Icon or Ikon
A religious image often that of a saint, painted on a wooden panel. The word comes from Greek word eikon meaning likeness.
International Gemological Institute. The largest independent institution that certifies gems and appraises diamonds.
An art movement originating in France in the 1860s, the main artists concerned being Cezanne, Degas, Monet, Morisot, Camille Pissaro, Renoir and Sisley. They were concerned with representing day-to-day existence in a realistic way, recording the fleeting effects of light and movement. Their usual subjects were landscapes or social scenes.
A thin, veil of paint, or paint-tinted size, applied to a ground to lessen the ground's absorbency or to tint the ground to a middle value.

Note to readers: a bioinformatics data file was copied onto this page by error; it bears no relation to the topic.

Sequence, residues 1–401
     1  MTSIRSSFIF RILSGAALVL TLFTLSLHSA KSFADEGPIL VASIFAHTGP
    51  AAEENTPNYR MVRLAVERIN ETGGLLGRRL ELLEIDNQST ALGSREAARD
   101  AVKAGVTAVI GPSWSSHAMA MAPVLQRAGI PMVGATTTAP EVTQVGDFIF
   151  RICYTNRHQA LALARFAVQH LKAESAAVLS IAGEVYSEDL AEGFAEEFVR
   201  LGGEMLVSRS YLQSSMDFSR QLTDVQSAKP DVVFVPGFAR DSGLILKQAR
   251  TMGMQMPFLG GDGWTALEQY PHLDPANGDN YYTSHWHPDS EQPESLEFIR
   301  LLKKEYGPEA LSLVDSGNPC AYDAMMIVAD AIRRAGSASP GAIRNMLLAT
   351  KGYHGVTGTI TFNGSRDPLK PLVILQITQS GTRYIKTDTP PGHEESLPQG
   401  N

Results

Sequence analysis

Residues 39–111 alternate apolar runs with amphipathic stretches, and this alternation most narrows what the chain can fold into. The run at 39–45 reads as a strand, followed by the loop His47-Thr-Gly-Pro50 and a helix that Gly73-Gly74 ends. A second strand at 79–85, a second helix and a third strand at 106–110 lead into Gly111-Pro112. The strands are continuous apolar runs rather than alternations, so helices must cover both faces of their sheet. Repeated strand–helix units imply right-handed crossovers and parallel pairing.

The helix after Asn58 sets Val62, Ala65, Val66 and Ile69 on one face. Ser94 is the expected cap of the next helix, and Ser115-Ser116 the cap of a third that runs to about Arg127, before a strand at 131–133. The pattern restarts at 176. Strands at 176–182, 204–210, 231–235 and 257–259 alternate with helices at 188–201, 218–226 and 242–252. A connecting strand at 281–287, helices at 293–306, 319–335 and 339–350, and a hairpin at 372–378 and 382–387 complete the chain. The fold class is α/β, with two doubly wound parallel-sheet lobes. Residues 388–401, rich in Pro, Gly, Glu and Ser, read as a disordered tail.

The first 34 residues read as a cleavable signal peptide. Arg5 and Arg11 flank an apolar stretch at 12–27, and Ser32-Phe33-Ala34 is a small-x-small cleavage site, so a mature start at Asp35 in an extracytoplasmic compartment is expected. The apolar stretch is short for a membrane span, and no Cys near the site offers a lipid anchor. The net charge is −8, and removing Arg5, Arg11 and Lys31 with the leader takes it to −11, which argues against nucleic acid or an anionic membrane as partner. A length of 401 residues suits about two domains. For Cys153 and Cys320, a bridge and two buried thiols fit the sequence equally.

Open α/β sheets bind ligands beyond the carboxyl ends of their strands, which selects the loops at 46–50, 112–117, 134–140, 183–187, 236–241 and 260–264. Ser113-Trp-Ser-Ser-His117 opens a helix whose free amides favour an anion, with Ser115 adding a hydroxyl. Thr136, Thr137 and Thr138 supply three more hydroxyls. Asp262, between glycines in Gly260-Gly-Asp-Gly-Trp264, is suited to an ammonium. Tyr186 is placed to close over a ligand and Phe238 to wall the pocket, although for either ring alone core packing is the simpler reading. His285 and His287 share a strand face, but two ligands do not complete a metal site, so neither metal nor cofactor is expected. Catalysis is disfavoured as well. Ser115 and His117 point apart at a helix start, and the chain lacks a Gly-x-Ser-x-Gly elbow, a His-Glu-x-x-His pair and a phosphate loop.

The natural birthmarks inside a stone that can affect its flow of light and also add uniqueness and character. Inclusions vary in size, shape, quantity, position and color.
A black ink originally from China and Japan, consisting of finely divided carbon suspended in a solution of gum, glue or varnish.
A portion of the metal setting has been cut away and replaced by a stone. In this setting, the stones are flush with the metal surface.
The cutting into a stone or other material or the etching or engraving on a metal plate of an image. The opposite of relief. Intaglio printing techniques include engraving and etching.
The purity and brightness of a colour. Also called saturation.
International Gemological Institute (IGI)
An international organization that independently certifies diamonds as to their quality and authenticity.
Several stones are mounted together by metal under the stones. The metal cannot be seen from above, making the stones appear as if they have no setting at all.